New graduates are asking for residency programs when searching for jobs. For years rural hospitals didn’t have such an option because of the low number of new graduates hired each year, as well as the unrealistic resources (money and people) necessary for a successful program.
This program shows new grads that you are invested in their future and interested in providing opportunities aligned with their expectations and values. In 12 months, the program provides clinical immersion, mentorship, and enhanced professional competencies, enabling opportunities for advancement, meaningful contributions, and exploring change projects.
Even better, the program outcomes speak for themselves. In a recent article by Wilson, Weathers and Forneris (2018), the three years of program implementation had impactful results in rural facilities over a 12-month time interval. Significant improvement in confidence with communication and teamwork as well as increased competency in quality improvement, evidence-based practice, communication, and leadership were reported. There was also a reported decrease in negative safety practices.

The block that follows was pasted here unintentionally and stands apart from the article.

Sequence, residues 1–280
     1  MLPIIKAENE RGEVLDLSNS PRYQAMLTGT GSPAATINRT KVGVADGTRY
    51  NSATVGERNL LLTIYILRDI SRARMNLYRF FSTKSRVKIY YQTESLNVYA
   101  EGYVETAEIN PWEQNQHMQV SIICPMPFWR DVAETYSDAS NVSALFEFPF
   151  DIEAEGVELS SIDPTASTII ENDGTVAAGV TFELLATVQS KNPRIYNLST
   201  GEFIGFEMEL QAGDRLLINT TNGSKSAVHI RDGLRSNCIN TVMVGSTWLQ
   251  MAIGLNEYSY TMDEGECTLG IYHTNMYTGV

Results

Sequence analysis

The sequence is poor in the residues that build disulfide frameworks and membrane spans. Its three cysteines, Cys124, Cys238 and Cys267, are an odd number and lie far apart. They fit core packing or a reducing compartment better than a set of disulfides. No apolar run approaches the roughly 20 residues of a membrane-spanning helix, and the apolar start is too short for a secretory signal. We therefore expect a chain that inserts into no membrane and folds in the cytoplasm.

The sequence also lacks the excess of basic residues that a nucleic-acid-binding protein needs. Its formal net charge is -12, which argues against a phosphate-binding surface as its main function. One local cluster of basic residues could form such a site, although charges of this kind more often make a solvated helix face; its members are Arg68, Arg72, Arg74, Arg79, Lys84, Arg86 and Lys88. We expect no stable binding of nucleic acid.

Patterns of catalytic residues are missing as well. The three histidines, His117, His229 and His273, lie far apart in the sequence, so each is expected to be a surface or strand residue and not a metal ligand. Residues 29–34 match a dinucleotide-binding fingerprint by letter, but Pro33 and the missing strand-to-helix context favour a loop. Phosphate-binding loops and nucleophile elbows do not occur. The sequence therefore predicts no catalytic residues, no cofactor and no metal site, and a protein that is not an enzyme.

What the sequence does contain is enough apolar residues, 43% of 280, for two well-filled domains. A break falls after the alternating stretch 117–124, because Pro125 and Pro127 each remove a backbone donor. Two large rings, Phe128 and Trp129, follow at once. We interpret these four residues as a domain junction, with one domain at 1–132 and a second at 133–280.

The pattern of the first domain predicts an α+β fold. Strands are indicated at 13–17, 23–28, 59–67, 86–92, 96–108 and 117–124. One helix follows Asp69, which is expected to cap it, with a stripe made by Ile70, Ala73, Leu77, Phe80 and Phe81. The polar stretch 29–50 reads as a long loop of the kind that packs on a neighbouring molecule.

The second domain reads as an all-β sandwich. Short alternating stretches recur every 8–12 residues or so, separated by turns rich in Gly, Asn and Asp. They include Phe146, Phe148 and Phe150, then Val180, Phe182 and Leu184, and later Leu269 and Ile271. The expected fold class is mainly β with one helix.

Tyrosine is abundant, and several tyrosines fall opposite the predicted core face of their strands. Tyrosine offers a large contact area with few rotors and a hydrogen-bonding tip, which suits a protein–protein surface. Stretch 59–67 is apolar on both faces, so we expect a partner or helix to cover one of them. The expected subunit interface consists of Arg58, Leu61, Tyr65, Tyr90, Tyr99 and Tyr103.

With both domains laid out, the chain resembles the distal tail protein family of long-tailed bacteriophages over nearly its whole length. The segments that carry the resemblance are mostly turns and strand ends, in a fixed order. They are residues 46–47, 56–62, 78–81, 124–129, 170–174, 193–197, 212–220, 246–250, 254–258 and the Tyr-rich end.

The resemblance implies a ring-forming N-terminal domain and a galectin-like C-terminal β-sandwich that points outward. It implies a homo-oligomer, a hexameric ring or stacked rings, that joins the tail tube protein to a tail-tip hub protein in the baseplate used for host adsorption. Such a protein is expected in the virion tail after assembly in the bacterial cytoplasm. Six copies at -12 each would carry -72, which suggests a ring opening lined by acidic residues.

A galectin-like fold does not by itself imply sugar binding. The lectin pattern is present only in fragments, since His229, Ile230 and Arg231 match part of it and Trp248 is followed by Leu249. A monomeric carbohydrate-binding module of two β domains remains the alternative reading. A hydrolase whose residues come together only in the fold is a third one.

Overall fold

Now is the time for rural facilities to let the facts and evidence drive their decisions to use best practices such as IONRP to help recruit, develop, and retain high-quality nurses. It is imperative for the health of rural America. Choose to be the leader that inspires, mentors, and develops new nurses to sustain the rural workforce, like I was so fortunate to have experienced more than 40 years ago.
NRHA commissioned the above piece from Iowa Online Nurse Residency Program, a trusted NRHA partner, for publication within the Association’s Rural Health Voices blog